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Pongr invites you to snap pictures of your favorite brands, get promoted to CEO

Posted by Scott Kirsner  September 23, 2010 08:45 AM

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Screen shot 2010-09-23 at 7.42.53 AM.pngIn the same way that certain people aspire to become the FourSquare mayor of their favorite coffee shop, will they vie to become the "CEO" of their favorite brand? Pongr, a Boston start-up planning a big promotional campaign during Advertising Week next week, hopes so.

Playing Pongr doesn't require an app on your mobile phone — you just snap a photo of an advertisement or product, and either e-mail it or text it to the company. Sending in a photo of your favorite Ben & Jerry's flavor after you've demolished a pint of it, for instance, might get you a reward from the company (like 10 percent off your next purchase), or it might help you gain status within Pongr's system. Your goal is to ascend the corporate org chart from intern to CEO. Pongr founder Jamie Thompson says that the photo-based game is a way for marketers to identify the biggest fans of their product, and build relationships. And through the magic of social media, of course, Pongr players can also share the photos they've taken with friends, generating even more brand awareness.

"People already like to take pictures of themselves with brands," Thompson explains. "So if you're a Sephora enthusiast, and you're inclined to take your picture in front of their lipstick poster, with Pongr you can do that and see if Sephora is going to give you anything in exchange."

Pongr's image-recognition software examines the photos that are sent in, comparing them to pictures in its database, and then it generates a scripted response, whether it is more information about the product, a special offer, an entry in a contest, or just status points on the way to becoming CEO of that brand. (Thompson says that you can take pictures of ads, objects, logos, or even TV commercials, and have Pongr's software identify what's in the image...as long as it's part of the company's database.) Thompson says that taking a picture of something is much more elegant than having companies plaster barcodes or QR codes on everything and then asking consumers to scan the code with their phones. (But how well and how consistently the company's image recognition technology works will be key; I haven't yet been able to test it.)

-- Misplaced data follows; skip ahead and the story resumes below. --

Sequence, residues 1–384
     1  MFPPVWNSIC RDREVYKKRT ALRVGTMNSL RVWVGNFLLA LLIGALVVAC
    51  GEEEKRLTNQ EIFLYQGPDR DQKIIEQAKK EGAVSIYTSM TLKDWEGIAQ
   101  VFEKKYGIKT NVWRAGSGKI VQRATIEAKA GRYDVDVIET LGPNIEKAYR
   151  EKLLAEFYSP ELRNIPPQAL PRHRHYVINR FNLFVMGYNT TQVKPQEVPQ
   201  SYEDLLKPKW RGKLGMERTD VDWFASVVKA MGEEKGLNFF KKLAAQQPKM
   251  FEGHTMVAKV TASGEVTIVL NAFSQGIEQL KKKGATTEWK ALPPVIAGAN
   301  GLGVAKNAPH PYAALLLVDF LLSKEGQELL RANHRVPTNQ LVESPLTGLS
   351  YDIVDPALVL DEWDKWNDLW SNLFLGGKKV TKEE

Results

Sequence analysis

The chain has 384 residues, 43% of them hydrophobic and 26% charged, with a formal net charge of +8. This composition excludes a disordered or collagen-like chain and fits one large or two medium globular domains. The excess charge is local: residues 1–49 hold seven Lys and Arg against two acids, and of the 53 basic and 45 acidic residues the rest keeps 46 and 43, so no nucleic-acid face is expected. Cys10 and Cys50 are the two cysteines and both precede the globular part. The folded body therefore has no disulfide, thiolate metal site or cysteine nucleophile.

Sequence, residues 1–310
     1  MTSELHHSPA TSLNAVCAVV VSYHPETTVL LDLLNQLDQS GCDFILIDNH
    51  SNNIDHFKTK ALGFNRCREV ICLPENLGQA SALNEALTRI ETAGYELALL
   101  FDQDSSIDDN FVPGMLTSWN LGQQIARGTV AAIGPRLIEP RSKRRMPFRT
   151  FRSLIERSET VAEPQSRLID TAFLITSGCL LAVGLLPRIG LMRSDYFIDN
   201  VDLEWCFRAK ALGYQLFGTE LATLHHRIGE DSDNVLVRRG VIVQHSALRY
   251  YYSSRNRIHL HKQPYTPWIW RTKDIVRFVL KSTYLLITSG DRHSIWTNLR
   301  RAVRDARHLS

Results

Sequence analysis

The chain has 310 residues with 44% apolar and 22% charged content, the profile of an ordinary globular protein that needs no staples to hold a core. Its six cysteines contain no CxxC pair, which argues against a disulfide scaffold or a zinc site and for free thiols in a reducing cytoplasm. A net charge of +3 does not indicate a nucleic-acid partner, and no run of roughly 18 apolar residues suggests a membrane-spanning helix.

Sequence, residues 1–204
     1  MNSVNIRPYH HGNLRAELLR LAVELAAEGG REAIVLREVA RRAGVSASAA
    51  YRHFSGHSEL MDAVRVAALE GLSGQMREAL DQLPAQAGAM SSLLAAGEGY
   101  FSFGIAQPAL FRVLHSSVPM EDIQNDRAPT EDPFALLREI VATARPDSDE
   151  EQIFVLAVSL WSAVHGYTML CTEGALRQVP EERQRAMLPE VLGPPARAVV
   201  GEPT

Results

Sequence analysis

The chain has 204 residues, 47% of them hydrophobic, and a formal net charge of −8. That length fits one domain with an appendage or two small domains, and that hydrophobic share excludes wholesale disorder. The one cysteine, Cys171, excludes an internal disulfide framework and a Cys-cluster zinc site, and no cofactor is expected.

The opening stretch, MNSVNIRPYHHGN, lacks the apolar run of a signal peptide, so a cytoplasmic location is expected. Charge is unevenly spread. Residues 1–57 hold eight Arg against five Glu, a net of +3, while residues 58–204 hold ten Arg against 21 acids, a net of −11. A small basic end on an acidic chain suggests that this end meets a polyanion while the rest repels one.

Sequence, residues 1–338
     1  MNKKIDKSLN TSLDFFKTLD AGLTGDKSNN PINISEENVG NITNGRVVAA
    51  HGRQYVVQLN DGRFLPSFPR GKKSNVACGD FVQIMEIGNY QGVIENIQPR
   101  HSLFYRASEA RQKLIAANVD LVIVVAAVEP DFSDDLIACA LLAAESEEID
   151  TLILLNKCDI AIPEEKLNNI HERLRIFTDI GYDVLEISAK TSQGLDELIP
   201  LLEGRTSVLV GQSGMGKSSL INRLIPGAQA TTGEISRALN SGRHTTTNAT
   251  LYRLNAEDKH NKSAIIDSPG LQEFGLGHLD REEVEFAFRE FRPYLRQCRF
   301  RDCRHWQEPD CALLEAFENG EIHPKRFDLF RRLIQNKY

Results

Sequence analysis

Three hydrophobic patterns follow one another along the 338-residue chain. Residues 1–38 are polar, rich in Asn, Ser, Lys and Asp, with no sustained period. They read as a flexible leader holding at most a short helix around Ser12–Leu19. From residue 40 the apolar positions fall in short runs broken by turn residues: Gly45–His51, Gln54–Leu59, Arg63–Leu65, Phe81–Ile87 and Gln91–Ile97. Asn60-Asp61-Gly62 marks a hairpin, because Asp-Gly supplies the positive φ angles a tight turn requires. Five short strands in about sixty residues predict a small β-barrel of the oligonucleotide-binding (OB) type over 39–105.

The company, founded in 2008, originally planned to use its image recognition technology to help shoppers conduct price comparisons on products, and either buy an item in the store or online through the shopper's mobile phone. But the price comparison space started to get crowded, and so the company began to focus on how marketers could better connect with consumers through photos taken on mobile phones.

The company's slogan is "The picture-sharing game with real-life rewards."

Thompson says Pongr recently raised another $500,000 from angel investors, including Chris Maeda, former CTO at Kana Software. The total funding Pongr has collected, Thompson adds, is "just under one million." The company has nine full-time employees, spread across Massachusetts, Connecticut, and Iowa. Last month, the company worked on a promotional campaign with Hearst's Marie Claire magazine to give readers more info about products featured in the September issue.

And next week, they'll be demoing the game to ad agencies and marketers at New York's Gansevoort Hotel, as part of Advertising Week.

Here's a zany company video that offers an overview of how Pongr works:

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Scott Kirsner was part of the team that launched Boston.com in 1995, and has been writing a column for the Globe since 2000. His work has also appeared in Wired, Fast Company, The New York Times, BusinessWeek, Newsweek, and Variety. Scott is also the author of the books "Fans, Friends & Followers" and "Inventing the Movies," was the editor of "The Convergence Guide: Life Sciences in New England," and was a contributor to "The Good City: Writers Explore 21st Century Boston." Scott also helps organize several local events on entrepreneurship, including the Nantucket Conference and Future Forward. Here's some background on how Scott decides what to cover, and how to pitch him a story idea.

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